|The Life of Genre, the Life in the Classroom
Charles Bazerman, University of California, Santa Barbara
Genres are not just forms. Genres are forms of life, ways of being. They are frames for social action. They are environments for learning. They are locations within which meaning is constructed. Genres shape the thoughts we form and the communications by which we interact. Genres are the familiar places we go to to create intelligible communicative action with each other and the guideposts we use to explore the unfamiliar.
But the symbolic landscape we have constructed for us to live in is precisely that which most fits us and the others with whom we share it. The more we inhabit these places the more we make our home in them, even as we come to explore the lives in near and increasingly distant places. Even when we find the genres we become habituated to are filled with dissension, dysfunction, or even deception, and we want to seek alternatives, they still have formed the discursive and cognitive habits we bring with us.
Other people have other places they have constructed and where they regularly go to interact. When we travel to new communicative domains, we construct our perception of them beginning with the forms we know. Even our motives and desire to participate in what the new landscape appears to offer start from motives and desires framed in earlier landscapes.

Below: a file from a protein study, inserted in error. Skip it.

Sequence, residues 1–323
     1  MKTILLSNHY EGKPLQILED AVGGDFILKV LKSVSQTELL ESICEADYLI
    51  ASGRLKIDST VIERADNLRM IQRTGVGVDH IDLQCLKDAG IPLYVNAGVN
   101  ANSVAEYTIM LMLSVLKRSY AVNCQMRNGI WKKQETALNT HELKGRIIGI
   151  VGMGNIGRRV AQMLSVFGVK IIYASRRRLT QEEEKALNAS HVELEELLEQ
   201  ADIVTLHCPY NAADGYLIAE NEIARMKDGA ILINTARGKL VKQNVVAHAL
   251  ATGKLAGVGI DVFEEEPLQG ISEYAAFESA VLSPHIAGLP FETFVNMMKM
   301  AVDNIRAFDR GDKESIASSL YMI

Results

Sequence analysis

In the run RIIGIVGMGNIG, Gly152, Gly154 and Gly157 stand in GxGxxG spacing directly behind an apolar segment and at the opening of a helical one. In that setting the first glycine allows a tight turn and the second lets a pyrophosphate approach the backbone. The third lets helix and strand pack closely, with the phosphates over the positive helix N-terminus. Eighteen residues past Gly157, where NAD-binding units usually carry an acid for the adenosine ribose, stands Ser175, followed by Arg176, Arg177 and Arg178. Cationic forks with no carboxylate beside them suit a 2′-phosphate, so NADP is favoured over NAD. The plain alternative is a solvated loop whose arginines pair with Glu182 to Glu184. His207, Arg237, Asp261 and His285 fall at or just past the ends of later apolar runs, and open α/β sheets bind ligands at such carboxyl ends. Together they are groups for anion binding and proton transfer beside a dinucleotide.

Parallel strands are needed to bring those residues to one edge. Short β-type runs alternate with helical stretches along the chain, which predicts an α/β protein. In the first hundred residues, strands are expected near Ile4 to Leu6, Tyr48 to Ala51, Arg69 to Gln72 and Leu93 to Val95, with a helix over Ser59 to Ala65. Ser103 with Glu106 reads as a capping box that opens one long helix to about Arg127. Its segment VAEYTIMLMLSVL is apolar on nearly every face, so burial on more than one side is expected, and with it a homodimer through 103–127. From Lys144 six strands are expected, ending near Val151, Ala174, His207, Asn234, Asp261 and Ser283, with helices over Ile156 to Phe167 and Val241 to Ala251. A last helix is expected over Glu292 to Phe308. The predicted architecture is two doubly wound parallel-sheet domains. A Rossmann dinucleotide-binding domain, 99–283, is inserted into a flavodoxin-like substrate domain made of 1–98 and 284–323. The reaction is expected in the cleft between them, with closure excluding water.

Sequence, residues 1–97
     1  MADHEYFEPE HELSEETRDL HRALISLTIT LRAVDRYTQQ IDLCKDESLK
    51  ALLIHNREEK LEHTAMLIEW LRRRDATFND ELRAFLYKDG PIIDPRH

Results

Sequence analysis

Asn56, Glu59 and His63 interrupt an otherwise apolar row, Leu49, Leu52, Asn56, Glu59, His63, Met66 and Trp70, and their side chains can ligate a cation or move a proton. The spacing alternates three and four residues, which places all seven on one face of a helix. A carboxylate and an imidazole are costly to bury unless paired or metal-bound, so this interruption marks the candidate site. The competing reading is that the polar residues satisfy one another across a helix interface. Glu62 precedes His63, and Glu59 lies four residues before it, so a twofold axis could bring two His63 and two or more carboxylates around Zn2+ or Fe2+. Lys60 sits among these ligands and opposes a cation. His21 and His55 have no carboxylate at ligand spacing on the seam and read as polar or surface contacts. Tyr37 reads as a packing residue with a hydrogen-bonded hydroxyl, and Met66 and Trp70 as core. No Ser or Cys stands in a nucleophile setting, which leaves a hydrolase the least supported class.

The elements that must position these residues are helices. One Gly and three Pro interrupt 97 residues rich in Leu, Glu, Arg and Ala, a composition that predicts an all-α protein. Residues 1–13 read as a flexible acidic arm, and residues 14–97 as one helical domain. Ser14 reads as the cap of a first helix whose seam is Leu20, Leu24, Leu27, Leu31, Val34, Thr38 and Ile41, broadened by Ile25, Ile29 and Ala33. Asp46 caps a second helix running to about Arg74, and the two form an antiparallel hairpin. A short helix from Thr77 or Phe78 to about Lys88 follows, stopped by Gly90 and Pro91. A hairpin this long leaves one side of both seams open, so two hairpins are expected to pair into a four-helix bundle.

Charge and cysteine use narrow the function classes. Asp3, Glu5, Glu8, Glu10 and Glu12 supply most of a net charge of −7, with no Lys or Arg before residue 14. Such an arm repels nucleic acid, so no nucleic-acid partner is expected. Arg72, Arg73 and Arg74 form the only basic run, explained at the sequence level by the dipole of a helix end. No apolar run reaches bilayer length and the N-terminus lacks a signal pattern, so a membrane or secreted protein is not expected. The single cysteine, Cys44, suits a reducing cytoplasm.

In our role as teachers we constantly welcome strangers into the discursive landscapes we value. But places that are familiar and important to us may not appear intelligible or hospitable to students we try to bring into our worlds. Moreover, students bring with them their own landscapes of familiar communicative places and desires. Students, bringing their own roadmaps from their previous experience, would also benefit from signs posted by those familiar with the new academic landscape. However, guideposts are only there when we construct them, are only useful if others know how to read them, and will only be used if they point toward destinations students see as worth going toward.
So we should not take lightly the choice of which genres we ask our students to write in. Nor should we keep those choices invisible to students, as though all writing required the same stances, commitments, and goals; as though all texts shared pretty much the same forms and features; as though all literacy were the same. Nor should we ignore students' perceptions of where they are headed and whether they are much moved to go toward the places we point them toward.
The picture I have drawn of the role of genre as it shapes educational activity is informed by developments in linguistics, rhetoric, psychology, and sociology. The ways these areas of inquiry consider genre and related concepts provide alternative ways for considering genre different from those offered by the literary tradition. These alternative traditions differ not only in the intellectual and investigative tools brought to bear on genre, but in the range of genres considered.